# State Assignment

## Sequential Circuits

### Some Slides from:

U.C. Berkeley,

Alan Mishchenko,

Mike Miller,

Gaetano Borriello

FSM (Finite State Machine) Optimization

State tables

State minimization

State assignment

Combinational logic optimization net-list identify and remove equivalent states assign unique binary code to each state use unassigned state-codes as don’t care

## Sequential Circuits

Sequential Circuits

Primitive sequential elements

Combinational logic

Models for representing sequential circuits

Finite-state machines (Moore and Mealy)

Representation of memory (states)

Changes in state (transitions)

Basic sequential circuits

Shift registers

Counters

Design procedure

State diagrams

State transition table

Next state functions

## State Assignment

Choose bit vectors to assign to each “symbolic” state

With

2 n n state bits for m states there are 2 n

! / (2 n n

]

– m)! state assignments [log n <= m <= 2 codes possible for 1st state, 2 n

–1 for 2nd, 2 n

–2 for 3rd, …

Huge number even for small values of n and m

Intractable for state machines of any size

Heuristics are necessary for practical solutions

Optimize some metric for the combinational logic

Size (amount of logic and number of FFs)

Speed (depth of logic and fanout)

Dependencies (decomposition)

### State Assignment Strategies

Possible Strategies

Sequential – just number states as they appear in the state table

Random – pick random codes

One-hot – use as many state bits as there are states

(bit=1 –> state)

Output – use outputs to help encode states (counters)

Heuristic – rules of thumb that seem to work in most cases

No guarantee of optimality – an

problem

### One-hot State Assignment

Simple

Easy to encode, debug

Small Logic Functions

Each state function requires only predecessor state bits as input

Good for Programmable Devices

Simple functions with small support (signals its dependent upon)

Impractical for Large Machines

Too many states require too many flip-flops

Decompose FSMs into smaller pieces that can be one-hot encoded

Many Slight Variations to One-hot – “two hot”

### Heuristics for State Assignment

Adjacent codes to states that share a common next state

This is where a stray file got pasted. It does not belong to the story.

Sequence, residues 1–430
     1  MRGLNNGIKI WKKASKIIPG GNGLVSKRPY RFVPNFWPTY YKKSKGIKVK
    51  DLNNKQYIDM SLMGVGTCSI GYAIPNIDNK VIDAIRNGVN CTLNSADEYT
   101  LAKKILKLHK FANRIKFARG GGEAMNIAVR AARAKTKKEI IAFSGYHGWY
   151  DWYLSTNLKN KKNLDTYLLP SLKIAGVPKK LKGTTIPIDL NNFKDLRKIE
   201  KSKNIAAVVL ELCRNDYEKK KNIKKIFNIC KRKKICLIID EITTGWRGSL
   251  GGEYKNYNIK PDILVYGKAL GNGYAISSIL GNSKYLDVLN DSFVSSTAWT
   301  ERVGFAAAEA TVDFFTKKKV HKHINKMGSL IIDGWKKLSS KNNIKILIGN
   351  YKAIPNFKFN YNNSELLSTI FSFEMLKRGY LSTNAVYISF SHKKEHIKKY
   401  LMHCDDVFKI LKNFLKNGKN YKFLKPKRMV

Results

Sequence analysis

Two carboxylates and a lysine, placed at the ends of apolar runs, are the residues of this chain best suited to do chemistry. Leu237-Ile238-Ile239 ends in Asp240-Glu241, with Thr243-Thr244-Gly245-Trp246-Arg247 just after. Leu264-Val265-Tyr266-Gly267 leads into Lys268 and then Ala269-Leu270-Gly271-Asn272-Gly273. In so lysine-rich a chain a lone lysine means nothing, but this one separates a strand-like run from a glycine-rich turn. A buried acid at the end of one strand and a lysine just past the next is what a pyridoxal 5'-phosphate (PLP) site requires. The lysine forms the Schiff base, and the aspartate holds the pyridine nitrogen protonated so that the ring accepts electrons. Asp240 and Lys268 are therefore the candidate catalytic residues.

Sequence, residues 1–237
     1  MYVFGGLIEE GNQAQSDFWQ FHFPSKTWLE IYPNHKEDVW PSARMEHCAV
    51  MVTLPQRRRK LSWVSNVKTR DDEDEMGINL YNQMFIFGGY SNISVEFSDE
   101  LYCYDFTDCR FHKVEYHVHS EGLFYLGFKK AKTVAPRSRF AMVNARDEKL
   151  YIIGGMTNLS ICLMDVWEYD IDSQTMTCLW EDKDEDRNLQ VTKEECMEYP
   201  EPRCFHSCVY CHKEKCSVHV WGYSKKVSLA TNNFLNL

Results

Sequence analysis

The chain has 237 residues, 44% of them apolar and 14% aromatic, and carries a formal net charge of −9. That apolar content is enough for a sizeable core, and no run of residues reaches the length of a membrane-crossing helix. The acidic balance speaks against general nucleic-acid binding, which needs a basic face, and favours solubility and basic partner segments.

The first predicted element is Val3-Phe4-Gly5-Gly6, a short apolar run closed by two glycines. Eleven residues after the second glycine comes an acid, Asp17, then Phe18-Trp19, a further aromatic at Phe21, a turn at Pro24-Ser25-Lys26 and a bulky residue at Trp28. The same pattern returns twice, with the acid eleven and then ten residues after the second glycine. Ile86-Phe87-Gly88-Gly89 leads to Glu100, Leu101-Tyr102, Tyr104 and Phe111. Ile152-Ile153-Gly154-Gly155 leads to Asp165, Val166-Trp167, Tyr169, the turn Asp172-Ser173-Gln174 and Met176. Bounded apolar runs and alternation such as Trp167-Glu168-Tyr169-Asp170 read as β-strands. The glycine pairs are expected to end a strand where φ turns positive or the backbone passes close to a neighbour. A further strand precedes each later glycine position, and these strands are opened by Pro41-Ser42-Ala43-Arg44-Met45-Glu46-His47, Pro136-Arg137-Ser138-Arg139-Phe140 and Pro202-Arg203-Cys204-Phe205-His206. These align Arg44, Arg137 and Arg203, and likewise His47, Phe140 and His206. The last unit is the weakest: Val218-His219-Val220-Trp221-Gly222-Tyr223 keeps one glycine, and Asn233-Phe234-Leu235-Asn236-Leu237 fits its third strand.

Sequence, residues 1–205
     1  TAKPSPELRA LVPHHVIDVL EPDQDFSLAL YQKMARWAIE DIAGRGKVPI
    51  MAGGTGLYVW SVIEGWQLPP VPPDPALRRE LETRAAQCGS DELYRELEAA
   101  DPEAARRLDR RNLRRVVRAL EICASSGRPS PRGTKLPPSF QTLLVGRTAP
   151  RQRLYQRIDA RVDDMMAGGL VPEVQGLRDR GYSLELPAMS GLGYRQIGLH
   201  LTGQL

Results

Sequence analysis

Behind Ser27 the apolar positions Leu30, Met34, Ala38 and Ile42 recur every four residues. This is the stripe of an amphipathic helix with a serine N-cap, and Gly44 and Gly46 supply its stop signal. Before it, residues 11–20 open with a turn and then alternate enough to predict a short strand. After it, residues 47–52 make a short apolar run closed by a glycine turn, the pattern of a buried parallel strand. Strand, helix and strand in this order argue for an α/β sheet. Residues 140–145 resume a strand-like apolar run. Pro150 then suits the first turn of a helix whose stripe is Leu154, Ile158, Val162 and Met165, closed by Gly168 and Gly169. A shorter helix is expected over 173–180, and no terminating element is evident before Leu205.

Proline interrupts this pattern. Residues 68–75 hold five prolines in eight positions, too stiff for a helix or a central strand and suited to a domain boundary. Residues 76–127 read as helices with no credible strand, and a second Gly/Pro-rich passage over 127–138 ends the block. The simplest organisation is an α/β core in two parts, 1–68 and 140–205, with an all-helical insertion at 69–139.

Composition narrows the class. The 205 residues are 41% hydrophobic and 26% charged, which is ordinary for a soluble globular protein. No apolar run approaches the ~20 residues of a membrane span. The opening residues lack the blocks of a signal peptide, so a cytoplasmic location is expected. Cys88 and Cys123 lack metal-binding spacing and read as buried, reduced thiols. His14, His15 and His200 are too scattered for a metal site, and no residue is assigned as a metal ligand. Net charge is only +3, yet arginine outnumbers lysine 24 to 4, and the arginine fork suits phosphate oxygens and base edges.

Group 1's in next state map

Adjacent codes to states that share a common ancestor state

Group 1's in next state map

Adjacent codes to states that have a common output behavior

Group 1's in output map

### State Assignment

All current methods are variants of this

1) Determine which states “attract” each other (weighted pairs)

2) Generate constraints on codes (which should be in same cube )

3) Place codes on Boolean cube so as to maximize constraints satisfied (weighted sum)

Different weights make sense depending on whether we are optimizing for two-level or multi-level forms

Can't consider all possible embeddings of state clusters in

Boolean cube

Heuristics for ordering embedding

To prune search for best embedding

Expand cube (more state bits) to satisfy more constraints

## Output-Based Encoding

### Reuse outputs as state bits - use outputs to help distinguish states

Why create new functions for state bits when output can serve as well

Fits in nicely with synchronous Mealy implementations

Example of KISS Format

Inputs

1

0

1

C TL TS

0

0

1

0

1

0

1

0

1

Present State

HG

HG

HG

HY

HY

FG

FG

FG

FY

FY

HG = ST’ H1’ H0’ F1 F0’ + ST H1 H0’ F1’ F0

HY = ST H1’ H0’ F1 F0’ + ST’ H1’ H0 F1 F0’

FG = ST H1’ H0 F1 F0’ + ST’ H1 H0’ F1’ F0’

HY = ST H1 H0’ F1’ F0’ + ST’ H1 H0’ F1’ F0

Next State

HG

HG

HY

HY

FG

FG

FY

FY

FY

HG

Outputs

ST H

0

0

1

0

1

0

1

1

0

1

00

00

00

01

01

10

10

10

10

10

F

10

10

10

10

10

00

00

00

01

01

Output patterns are unique to states, we do not need ANY state bits – implement 5 functions

(one for each output) instead of 7 (outputs plus

2 state bits)

### Approaches

For tight encodings using close to the minimum number of state bits

Best of 10 random seems to be adequate (averages as well as heuristics)

Heuristic approaches are not even close to optimality

Used in custom chip design

One-hot encoding

Easy for small state machines

Generates small equations with easy to estimate complexity

Common in FPGAs and other programmable logic

Output-based encoding

Most common approach taken by human designers

Yields very small circuits for most FSMs

### State Assignment = Various Methods

Assign unique code to each state to produce logic-level description

 utilize unassigned codes effectively as don’t cares

Choice for S state machine

 minimum-bit encoding

 log S maximum-bit encoding

 one-hot encoding using one bit per state something in between

Modern techniques

 hypercube embedding of face constraint derived for collections of states (Kiss,Nova)

 adjacency embedding guided by weights derived between state pairs

(Mustang)

### Hypercube Embedding Technique

Observation : one -hot encoding is the easiest to decode

Am I in state 2,5,12 or 17?

binary : x

4

’x x

3

’x

2

’x

1 x

0

’(00010) +

4

’x

3

’x

2 x